Amica, the largest manufacturer of domestic appliances in Poland, commanding a 12.6% market share (followed by Electrolux with a 11% market share) with subsidiaries in Germany, Russia, Romania, Czech Republic and Denmark, entered the UK market in 2006.
Founded in 1945, in Wronki, western Poland, a cooker manufacturer Predom-Wromet, adopted the Amica brand in 1992 and became a private enterprise in 1994. With the construction of hob, cooking and washing machine factories and the acquisition of a number of European brands, the manufacturer gained a strong presence in the main DA product sectors in Poland and its overseas markets, reaching sales turnover of €300 million in 2008. Employing 2,000 people, Amica manufactures annually 900,000 cookers (freestanding and built-in; constituting 67% of its production output), 575,000 hobs, half a million washers and washer/dryers and 450,000 cooling appliances. Its core brand Amica is targeted at the mid-market customer segment in Poland, Western and Southern European market. Its other brands – Hansa, Gram and Premiere – are aimed at the Scandinavian and German markets, with Gram being the most prestigious one.
Simon Freear, country manger for Amica in the UK, describes the unique features of Amica’s products: “The company is passionate about quality and performance, so everything they do is designed to incorporate as much quality and longevity as possible. Every single product in the Amica portfolio is fully run tested during production. That kind of attention to detail is unheard of with brands that operate in the mid market. So reliability and performance are our USPs, together with after sales service.” During the tour of the washing machine factory in Wronki we were able to see for ourselves that every appliance was quality tested.
To ensure that after sales service matches the quality of its products, Amica contracted GDHA to service its appliances in Britain. Moreover, to make servicing easier, Amica’s washing machines, for example, have a removable front panel which allows direct access to the appliance’s working parts without taking a whole cabinet out.
Philip Mayer, Amica sales development director, proudly showed us Amica’s testing chamber for cooling appliances where in temperatures ranging form 10 to 43ºC the operational controls of fridges and freezers are tested to suit the varying climatic conditions of its export markets.
It is perhaps not surprising that Amica has been honoured with the Product of the Year Award for 2008, for the second year running, by the Polish edition of the Reader’s Digest, as well as taking the title of the Most Trusted Brand in the household appliances category for the seventh consecutive year.
The sponsorship of KS Amica Wronki football club, which twice won Poland’s National Cup and trains nearby, further strengthens Amica’s brand in Poland.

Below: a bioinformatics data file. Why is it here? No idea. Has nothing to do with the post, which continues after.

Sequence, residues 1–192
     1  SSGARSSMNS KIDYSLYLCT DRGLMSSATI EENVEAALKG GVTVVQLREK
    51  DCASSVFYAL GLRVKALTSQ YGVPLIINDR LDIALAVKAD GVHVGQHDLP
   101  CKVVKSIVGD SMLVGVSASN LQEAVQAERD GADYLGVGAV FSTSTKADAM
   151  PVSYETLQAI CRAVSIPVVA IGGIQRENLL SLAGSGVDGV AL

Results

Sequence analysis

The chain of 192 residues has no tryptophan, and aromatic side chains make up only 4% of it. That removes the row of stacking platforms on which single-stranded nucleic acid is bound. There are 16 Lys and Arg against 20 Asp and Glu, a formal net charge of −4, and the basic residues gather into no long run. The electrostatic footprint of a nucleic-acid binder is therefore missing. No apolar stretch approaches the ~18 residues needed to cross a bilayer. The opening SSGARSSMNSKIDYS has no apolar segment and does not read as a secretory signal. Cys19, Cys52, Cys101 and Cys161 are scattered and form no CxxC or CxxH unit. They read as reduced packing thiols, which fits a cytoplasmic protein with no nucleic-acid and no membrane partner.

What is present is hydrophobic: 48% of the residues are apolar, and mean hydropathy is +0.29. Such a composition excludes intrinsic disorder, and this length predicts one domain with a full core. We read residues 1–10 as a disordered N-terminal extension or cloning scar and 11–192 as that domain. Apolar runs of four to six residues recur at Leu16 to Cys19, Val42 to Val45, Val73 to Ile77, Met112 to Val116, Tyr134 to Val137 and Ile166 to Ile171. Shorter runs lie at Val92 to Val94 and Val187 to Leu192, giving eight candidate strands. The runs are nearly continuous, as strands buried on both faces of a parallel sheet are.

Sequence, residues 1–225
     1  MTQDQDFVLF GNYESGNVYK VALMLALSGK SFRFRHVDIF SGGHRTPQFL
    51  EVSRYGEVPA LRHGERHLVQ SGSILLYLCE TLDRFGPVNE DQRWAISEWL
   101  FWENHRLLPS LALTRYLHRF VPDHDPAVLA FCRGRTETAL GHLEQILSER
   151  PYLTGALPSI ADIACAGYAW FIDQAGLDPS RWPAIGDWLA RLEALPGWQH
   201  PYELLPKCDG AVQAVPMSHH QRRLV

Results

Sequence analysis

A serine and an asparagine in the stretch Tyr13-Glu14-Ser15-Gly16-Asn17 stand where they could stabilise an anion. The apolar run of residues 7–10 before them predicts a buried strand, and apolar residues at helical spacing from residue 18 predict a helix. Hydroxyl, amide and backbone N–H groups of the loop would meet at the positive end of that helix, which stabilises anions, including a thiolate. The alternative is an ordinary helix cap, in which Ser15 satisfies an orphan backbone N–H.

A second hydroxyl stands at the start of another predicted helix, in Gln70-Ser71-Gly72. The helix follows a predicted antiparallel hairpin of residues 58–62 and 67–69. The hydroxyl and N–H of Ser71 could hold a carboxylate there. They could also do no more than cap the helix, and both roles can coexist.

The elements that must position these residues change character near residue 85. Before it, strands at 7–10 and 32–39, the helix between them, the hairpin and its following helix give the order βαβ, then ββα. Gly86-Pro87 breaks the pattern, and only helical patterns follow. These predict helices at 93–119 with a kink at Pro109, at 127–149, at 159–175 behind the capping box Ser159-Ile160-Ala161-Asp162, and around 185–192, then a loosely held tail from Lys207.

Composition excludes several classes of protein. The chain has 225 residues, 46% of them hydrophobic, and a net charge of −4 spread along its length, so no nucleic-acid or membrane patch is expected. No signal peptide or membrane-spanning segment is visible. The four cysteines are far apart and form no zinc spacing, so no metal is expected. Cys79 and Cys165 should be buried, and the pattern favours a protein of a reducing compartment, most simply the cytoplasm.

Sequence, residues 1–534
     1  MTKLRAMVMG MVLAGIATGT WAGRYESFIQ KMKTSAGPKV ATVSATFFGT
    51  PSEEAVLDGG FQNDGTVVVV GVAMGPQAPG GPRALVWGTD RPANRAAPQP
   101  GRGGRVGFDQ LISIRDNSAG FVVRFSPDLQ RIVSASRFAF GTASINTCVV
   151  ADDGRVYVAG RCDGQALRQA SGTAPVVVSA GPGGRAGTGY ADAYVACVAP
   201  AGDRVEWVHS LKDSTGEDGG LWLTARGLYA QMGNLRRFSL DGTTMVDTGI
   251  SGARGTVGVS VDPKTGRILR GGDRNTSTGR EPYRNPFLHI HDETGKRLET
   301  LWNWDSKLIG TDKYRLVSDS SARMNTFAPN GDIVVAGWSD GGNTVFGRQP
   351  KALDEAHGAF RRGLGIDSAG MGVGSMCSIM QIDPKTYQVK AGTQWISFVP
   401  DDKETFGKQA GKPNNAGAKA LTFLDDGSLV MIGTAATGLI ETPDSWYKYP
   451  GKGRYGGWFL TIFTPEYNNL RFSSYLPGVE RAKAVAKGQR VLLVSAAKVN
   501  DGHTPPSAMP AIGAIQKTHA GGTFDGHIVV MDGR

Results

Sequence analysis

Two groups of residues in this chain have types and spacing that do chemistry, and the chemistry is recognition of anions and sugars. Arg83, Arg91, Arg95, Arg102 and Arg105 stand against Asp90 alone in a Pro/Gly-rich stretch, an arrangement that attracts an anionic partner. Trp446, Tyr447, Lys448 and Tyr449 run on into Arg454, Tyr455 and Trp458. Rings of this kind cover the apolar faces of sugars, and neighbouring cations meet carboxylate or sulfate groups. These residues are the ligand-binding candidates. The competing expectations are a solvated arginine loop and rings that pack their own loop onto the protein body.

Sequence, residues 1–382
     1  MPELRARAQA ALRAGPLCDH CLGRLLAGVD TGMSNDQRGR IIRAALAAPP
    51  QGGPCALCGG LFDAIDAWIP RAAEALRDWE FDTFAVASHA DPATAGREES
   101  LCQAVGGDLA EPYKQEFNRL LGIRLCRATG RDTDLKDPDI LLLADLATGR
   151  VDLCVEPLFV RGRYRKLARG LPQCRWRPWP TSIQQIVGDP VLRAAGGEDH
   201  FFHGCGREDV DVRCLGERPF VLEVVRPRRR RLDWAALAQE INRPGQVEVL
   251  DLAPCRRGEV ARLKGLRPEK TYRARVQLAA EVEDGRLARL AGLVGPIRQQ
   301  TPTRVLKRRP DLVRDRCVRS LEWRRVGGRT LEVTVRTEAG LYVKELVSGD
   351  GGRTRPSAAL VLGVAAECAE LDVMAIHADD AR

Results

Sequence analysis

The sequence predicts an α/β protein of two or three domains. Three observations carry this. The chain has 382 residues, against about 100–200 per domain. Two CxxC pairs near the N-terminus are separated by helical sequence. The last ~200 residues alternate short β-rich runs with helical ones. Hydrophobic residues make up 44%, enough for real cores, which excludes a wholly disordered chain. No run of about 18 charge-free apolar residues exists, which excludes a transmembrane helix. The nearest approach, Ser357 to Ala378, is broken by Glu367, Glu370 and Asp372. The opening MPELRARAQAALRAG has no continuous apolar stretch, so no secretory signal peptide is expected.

Amica is also very proud of its environmental credentials. The company operates an Environmental Management System based on EU quality norms which means that environmental considerations are incorporated into every stage of the manufacturing process – from design to the final use. For example, due to the modern technology, Amica’s factories have decreased the use of water and energy, as well as limiting the amount of waste and sewage produced. Moreover, all the appliances manufactured in Wronki are A or A+ energy rated.
Filip Mayer, asked about Amica’s place in the Polish white goods market, said the company’s brand reputation is comparable to that of Hotpoint in Britain although Amica customers tend to be slightly older as they grew up with the brand. However the company plans to attract younger consumers by equipping their products with the latest technologies and modern designs. For example, it is now heavily investing in induction and in its Scandinavian market, Amica sold more induction hobs that ceramic ones.
In Britain however, “many of our customers are younger – in the 25 plus age group – and they are drawn by the style of our products, the two year guarantee and the price versus features ratio, “comments Simon Freer.
Amica in Britain
Confident in the quality of its products, Amica decided to enter the UK market in 2008. Simon Freear explains the rationale behind this decision: “The UK MDA market is one of the largest markets in Europe and it is also within a couple of days logistically from Poland. Until recently, we focused on the eastern parts of Europe, Germany and Scandinavia; it made sense to enter the large UK market with our wide, high quality range of products.”
So how does Amica plan to compete in the already crowded UK market? “Our strategy is to grow our business through the independents by offering them a range of reliable, high quality products with features that they can easily sell, combined with a two-year guarantee and a great after sales service,” explains Simon.
Amica’s products are distributed through Portway, Inmans and Refrigeration Norwest. “Amica already uses a solid network of distributors; tactically we may choose to grow this for built-in, and to plug some gaps in particular regions like Scotland and Northern Ireland,” adds Simon.
Amica’s latest products on the British market are the Navigator range of washing machines and a range of fully-integrated dishwashers. The 6kg, A+ rated washing machines are equipped with intelligent Full Control Assist technology – a digital navigation system which makes them easier to use – 33cm porthole with raised drum and 20 programmes, including a 19 minute super short wash. The AAA-rated, 60cm dishwasher has 12 place settings and seven wash programmes. It operates at 49dB and consumes 16 litres per load, reflecting Amica’s concern for the environment and comfort of its customers.
After all “Amica is not going after market share in Britain but wishes to gain and grow long-term customer loyalty,” comments Simon Freer.